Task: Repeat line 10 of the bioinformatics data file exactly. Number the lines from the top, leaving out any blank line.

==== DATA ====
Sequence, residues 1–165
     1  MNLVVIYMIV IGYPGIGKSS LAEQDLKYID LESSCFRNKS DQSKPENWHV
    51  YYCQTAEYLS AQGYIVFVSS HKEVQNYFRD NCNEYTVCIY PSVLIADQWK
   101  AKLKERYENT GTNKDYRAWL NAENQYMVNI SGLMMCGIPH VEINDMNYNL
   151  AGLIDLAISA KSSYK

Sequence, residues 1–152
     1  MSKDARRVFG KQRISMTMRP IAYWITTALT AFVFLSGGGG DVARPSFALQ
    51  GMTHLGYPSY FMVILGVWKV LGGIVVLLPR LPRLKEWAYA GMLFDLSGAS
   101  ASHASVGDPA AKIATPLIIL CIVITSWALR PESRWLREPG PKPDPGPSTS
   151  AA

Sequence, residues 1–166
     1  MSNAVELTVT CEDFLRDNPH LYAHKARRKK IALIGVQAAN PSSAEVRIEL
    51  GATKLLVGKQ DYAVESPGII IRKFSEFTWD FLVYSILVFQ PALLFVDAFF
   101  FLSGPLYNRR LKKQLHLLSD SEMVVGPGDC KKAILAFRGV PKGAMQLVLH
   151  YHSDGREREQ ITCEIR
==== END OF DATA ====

   151  AA